Both Jay and Kortlander believe the pendant was used as an excuse by the BLM to falsely indict James on a felony charge – taking an artifact worth less than $1,000 would be a misdemeanor – and gain a high-profile arrest to draw attention to Operation Cerberus. Accomplishing that, Kortlander wrote, they could “take away his medical license and destroy him.”

“They needed to get my father. In my opinion, that was their main goal was to indict my dad on something – it didn’t matter what it was,” Jay said. “By going after a doctor who has a nice house up on a hill, that’s going to make the paper.”

In response to the pendant, federal agents arrived in about a half dozen SUVs to the Redd family residence on June 10, 2009 – the day before James’ death. The Times article states they then “hauled him out of his car at gunpoint, handcuffed him and took him to the garage,” where the family states he was interrogated for about four hours.

Dan Love, formerly the BLM assistant special agent in charge of Operation Cerberus, told the Deseret News in a Sept. 24, 2011 article that James didn’t appear to have any animosity or anger toward law enforcement during questioning. Once the meeting was over, he stated, James and he shook hands, and the physician thanked him for being treated with dignity and respect.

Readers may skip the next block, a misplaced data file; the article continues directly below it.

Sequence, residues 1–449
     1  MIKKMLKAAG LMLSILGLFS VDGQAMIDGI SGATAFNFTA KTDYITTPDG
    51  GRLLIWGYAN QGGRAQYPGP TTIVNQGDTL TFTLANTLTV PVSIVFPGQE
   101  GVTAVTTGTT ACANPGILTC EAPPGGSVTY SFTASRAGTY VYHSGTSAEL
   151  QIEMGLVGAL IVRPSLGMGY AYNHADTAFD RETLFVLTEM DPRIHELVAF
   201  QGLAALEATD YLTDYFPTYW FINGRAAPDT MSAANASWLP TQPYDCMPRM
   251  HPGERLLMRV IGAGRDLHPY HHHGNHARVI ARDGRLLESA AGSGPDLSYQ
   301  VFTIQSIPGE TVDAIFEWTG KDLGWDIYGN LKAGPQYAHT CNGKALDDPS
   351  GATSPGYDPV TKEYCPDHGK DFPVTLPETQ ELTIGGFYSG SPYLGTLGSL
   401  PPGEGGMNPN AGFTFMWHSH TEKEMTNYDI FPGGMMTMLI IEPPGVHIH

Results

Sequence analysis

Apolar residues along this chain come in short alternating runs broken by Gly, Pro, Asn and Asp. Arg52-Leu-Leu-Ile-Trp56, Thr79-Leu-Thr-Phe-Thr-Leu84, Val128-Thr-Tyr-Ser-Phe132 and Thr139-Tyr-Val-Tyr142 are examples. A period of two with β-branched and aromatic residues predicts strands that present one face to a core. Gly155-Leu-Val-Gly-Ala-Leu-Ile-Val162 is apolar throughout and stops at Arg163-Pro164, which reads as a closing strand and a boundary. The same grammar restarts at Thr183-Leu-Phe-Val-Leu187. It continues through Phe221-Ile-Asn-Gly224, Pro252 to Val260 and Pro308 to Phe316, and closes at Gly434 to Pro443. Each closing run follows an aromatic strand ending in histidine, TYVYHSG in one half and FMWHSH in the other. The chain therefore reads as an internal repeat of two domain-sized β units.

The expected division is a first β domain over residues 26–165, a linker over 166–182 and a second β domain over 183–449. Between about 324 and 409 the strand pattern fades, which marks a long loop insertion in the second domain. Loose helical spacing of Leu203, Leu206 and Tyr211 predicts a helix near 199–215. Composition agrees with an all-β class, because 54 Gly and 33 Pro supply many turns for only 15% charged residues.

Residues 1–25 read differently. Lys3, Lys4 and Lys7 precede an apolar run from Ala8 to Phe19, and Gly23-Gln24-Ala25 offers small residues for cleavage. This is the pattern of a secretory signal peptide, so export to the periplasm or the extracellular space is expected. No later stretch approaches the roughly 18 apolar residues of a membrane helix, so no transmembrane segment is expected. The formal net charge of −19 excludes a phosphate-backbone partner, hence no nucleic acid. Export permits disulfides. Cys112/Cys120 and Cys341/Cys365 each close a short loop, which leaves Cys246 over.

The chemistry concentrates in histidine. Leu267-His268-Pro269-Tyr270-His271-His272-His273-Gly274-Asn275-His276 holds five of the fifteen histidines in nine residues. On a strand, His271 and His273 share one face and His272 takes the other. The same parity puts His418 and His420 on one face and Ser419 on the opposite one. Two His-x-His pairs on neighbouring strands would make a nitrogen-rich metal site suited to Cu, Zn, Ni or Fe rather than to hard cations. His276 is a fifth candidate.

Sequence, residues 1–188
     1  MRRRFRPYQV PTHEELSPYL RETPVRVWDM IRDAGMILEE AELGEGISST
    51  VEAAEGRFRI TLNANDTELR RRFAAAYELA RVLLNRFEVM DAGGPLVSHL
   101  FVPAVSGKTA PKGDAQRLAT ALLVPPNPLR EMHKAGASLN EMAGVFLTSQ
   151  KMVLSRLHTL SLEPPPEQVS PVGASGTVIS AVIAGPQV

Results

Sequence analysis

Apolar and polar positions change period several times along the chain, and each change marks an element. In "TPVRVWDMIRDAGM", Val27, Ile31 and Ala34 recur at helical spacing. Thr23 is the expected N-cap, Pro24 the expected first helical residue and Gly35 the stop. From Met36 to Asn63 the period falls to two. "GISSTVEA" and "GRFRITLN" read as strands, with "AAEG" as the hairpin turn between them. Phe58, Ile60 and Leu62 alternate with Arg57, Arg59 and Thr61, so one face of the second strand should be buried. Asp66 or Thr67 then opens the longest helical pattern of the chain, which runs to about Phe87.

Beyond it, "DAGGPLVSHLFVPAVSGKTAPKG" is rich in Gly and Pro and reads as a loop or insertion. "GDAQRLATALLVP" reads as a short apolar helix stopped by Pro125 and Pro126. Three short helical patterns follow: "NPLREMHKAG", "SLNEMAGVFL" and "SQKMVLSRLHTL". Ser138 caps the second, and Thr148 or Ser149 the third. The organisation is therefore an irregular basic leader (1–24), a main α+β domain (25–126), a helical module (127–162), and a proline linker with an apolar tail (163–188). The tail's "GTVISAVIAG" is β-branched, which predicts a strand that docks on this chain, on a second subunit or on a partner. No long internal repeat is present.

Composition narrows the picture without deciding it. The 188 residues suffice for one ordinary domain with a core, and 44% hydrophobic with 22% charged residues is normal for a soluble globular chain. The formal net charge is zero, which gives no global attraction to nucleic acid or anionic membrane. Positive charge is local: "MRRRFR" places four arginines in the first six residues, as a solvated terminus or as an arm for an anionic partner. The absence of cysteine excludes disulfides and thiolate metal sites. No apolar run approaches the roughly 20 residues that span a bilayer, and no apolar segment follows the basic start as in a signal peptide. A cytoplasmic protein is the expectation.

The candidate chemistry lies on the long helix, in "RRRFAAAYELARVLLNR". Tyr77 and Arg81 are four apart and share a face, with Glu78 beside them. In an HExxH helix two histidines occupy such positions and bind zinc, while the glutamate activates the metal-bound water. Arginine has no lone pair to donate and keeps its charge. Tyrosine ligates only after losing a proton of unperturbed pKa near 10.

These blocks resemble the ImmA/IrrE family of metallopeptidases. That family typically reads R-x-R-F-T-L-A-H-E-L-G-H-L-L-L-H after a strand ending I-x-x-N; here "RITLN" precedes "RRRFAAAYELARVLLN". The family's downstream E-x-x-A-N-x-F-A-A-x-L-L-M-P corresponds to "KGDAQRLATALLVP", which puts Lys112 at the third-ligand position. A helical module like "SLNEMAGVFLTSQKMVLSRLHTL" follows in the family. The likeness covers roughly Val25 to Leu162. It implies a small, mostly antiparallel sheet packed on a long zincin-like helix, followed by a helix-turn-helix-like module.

The Redds paint a different picture.

Using recollections from family members, Kortlander wrote that agents called James “a liar to his face multiple times,” asked him “what shovel he liked to dig up bodies with” and told him he “would never practice medicine again.” Jeanne, he wrote, was put in handcuffs by agents, told “your life is over as you know it” and asked three times, “Are you suicidal?”

“Incredibly,” Kortlander added, “the feds did not even take the effigy bird pendant the day of the raid.”

Investigation aftermath

In 2011, the Redd family filed a wrongful death lawsuit against Love that also named 15 other members of the BLM and FBI. Though the case made it to the 10th Circuit Court of Appeals, the eventual judgment – filed Feb. 13, 2017 – dismissed the Redd family’s final claim of excessive force by Love.

According to the ruling, the Redds based this claim on the number of agents who raided their house, along with the BLM and FBI’s outward appearance.